By Paula Meir on May 1, 2018 2:50:35 PM
I'm no good at Maths
There I’ve said it out loud. Actually, it’s not really a secret, I often tell people that I’ve never been any good at maths. Growing up I said it to
myself over and over again. At least once a day, at some point during every maths lesson I would tell myself “I’m no good at maths”. This belief was only embedded more by a traumatic experience with my maths teacher who was a nun at primary s
chool calling me up in front of the class to do a sum. I couldn't do it. I felt humiliated. I said to myself: "I'm not good enough".
This mantra became a part of my DNA, it became a part of my story, the story that I told myself over and over again. And every time I told myself this story it further undermined my confidence in maths. So, it will come as no surprise that I failed my maths CSE - twice (yes, this was before the days of GCSEs).
There are many different views on why some people can sail through maths and others (like me) find it a perennial struggle akin to bungee jumping off the Macau Tower when you have vertigo. Plenty of research has been done including this which sets out to prove that some people are “born bad at maths”. And to be honest this kind of research doesn’t help anyone… it just reinforces the notion that there is some divine force handing out the ability to do something (or not) at birth.
Genetics aside I am now convinced about one thing: your ability to do something starts with belief that you can do it. Once you have convinced yourself you can’t do it, guess what? You’ll always struggle.
And this is precisely what happened to me.
You see I told myself time and time again that I couldn’t do maths. I continued to look for evidence to back this statement (and fact as I told myself) including the time I was shortlisted in an intense interview assessment for a really great job at BMW. The final task was working out the APR on various new cars, something they gave sales guys to complete. I actually could have probably managed it but my ‘flight, fight, freeze’ automatic physical response kicked in and I panicked, couldn't do the paper, nor did I get the job. So, I continued to build this self-limiting belief, and this continued to undermine my confidence. And, as you might expect, the idea of not being good enough spread into other areas of my life.
Limiting beliefs are pesky little devils. They sit on our shoulders like naughty gremlins and prevent us from doing stuff. They undermine our confidence and stop us taking positive action to achieve what we want to achieve.
How many times have you told yourself “I can’t do that”? That four word phrase means you are imposing a limitation on what you can do.
Last year I was leading a workshop at the Huntington’s Disease annual conference and I met a 69-year-old man who had a self-limiting belief that he couldn’t read or write. It had been distressing for him for that many years and he had had enough of it. Can you imagine what that has been like for him? A whole life spent with a limiting belief. Turns out he could read and he could write. Okay, he was no Oscar Wilde and perhaps he couldn’t read as quickly and voraciously as your average librarian but following the workshop we completely changed his perspective and reversed over 60 years of self-narrative. Another lady lacked a huge amount of self-confidence (mostly formed from self-limiting beliefs), a month after the workshop she contacted me to let me know she had landed her dream job.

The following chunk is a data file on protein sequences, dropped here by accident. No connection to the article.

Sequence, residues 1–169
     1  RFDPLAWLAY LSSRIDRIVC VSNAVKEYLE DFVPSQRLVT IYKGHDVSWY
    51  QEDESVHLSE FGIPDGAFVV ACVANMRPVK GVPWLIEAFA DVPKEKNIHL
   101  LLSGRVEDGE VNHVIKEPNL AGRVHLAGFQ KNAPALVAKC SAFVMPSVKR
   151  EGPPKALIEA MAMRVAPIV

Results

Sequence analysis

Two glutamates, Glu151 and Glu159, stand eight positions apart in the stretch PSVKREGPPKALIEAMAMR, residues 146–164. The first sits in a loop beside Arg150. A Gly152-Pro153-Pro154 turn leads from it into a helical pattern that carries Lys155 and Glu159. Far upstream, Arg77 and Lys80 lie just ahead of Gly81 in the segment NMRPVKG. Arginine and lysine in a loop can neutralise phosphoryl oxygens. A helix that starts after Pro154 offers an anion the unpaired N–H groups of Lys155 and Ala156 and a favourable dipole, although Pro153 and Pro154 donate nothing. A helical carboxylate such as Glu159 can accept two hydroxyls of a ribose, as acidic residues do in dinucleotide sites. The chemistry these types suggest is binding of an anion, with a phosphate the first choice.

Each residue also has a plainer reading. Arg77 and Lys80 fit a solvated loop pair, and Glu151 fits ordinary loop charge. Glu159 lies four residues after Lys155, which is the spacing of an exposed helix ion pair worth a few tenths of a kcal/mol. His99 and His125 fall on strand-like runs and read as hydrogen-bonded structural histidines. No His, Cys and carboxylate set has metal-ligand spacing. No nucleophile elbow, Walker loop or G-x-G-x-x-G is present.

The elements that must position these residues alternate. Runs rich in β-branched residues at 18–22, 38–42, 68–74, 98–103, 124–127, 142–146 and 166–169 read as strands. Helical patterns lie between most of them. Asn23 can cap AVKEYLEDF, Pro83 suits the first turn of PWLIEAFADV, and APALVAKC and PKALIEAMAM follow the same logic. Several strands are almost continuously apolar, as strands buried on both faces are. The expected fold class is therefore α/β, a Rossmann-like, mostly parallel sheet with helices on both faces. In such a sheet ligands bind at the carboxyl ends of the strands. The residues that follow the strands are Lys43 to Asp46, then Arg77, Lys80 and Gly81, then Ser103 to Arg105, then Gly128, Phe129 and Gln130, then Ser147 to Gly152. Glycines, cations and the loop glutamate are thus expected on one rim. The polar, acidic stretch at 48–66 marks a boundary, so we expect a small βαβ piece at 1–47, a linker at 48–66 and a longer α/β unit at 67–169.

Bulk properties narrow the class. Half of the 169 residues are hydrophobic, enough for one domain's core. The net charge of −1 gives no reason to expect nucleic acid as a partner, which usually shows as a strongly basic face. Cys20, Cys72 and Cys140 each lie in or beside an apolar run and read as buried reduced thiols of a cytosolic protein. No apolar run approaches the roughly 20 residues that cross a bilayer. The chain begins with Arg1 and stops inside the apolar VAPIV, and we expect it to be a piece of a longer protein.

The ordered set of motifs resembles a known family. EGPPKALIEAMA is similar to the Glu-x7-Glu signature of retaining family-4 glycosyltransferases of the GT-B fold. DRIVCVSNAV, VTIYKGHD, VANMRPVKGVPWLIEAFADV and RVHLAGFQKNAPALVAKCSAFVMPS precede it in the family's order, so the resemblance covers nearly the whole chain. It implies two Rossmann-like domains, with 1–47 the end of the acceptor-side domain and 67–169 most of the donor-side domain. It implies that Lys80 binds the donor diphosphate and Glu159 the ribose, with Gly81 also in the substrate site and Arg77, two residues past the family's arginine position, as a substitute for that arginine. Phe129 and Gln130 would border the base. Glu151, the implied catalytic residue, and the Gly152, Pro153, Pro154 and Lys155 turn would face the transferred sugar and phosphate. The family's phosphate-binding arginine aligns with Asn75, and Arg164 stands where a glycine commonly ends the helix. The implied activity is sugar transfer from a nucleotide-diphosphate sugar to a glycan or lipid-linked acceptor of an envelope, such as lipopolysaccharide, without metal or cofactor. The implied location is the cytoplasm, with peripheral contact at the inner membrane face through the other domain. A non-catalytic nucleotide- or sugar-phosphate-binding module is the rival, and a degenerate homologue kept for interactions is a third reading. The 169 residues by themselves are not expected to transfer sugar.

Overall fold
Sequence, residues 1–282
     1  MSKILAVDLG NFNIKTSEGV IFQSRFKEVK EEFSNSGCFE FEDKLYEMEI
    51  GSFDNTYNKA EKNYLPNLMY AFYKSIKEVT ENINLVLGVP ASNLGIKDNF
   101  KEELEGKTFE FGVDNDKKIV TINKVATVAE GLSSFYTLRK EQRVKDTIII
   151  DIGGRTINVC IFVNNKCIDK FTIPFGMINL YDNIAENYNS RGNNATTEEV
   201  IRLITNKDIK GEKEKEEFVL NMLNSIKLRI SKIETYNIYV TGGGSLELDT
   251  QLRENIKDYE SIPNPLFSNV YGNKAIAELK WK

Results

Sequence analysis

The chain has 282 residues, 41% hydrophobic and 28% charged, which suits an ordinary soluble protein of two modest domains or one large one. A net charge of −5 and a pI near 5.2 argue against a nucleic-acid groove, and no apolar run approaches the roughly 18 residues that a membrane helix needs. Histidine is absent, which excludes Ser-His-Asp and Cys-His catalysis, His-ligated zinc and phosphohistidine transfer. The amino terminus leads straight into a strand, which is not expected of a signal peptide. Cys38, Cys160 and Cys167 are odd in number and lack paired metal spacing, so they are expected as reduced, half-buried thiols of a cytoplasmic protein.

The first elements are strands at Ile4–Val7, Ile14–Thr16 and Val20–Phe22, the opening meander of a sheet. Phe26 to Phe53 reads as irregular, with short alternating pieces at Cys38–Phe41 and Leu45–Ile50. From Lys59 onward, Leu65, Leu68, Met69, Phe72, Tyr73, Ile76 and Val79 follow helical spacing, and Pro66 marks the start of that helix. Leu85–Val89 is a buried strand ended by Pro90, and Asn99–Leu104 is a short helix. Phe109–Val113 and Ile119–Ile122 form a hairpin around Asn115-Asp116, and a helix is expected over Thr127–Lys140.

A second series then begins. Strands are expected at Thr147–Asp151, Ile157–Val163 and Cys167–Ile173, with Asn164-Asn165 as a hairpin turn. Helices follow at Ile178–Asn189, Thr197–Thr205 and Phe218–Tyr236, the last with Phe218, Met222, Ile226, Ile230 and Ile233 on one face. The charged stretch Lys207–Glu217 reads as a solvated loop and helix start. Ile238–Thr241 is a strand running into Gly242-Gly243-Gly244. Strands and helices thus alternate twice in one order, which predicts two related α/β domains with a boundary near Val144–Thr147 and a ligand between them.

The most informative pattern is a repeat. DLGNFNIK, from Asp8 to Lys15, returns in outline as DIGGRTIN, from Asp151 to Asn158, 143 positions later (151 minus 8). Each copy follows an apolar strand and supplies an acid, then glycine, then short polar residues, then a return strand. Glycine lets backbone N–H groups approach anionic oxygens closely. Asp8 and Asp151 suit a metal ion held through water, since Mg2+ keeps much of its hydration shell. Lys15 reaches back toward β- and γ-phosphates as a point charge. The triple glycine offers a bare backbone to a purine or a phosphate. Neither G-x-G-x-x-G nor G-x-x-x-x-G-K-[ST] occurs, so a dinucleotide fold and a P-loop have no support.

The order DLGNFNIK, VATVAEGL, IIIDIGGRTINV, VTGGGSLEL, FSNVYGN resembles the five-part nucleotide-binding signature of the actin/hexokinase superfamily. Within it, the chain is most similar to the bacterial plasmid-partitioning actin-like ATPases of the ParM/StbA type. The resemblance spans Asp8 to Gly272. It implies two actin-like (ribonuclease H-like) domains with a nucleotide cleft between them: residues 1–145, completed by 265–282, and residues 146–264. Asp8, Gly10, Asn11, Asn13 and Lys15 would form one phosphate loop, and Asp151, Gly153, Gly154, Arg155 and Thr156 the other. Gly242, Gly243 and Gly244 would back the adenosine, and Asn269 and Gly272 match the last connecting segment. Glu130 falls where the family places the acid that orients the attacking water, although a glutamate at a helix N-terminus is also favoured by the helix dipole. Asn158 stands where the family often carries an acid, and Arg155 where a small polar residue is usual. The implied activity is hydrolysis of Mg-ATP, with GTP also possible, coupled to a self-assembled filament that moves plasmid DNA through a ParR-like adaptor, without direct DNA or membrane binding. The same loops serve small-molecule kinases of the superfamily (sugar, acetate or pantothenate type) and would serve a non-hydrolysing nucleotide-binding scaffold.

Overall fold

These beliefs often form the basis of poor confidence and it doesn’t matter how long you have had a particular belief if you take back control you can rid yourself of these and become much more confident. In my workshops and training I help unearth limiting beliefs and using various techniques and processes help reverse them. In the space of this short blog it’s pretty tricky to run through an entire process that will re-build your confidence and rid yourself of all that negative self-talk but I can start you on the path.
Here are three simple things you can do: -
- Write down one thing which you believe you cannot do (my example would be maths!)
- Now it’s time to turn detective: How do you know that to be the case? Did someone tell you that when you were young? Did you fail at something or did something go wrong once or twice to lead you to belief that you couldn't do it or you wouldn't be good at it?
- Now replace that with the perspective that it might not be true, that the ‘evidence’ you have compiled to fuel that belief is only half the story. What would happen if you were good at it or could do it? How would it make you feel?
Want to learn a little more?
Why not sign up for my webinar on “How to uncover your self-limiting beliefs and become more confident” I’ll be talking more about how self-limiting beliefs can impact our day to day living, where to find them, and how over-turning a self-limiting belief can lead to a much happier, successful, and more fulfilled life. You will have the opportunity to ask questions in a completely anonymous environment.
Places are going to be strictly limited to ensure I’m able to respond to questions so grab your place today!!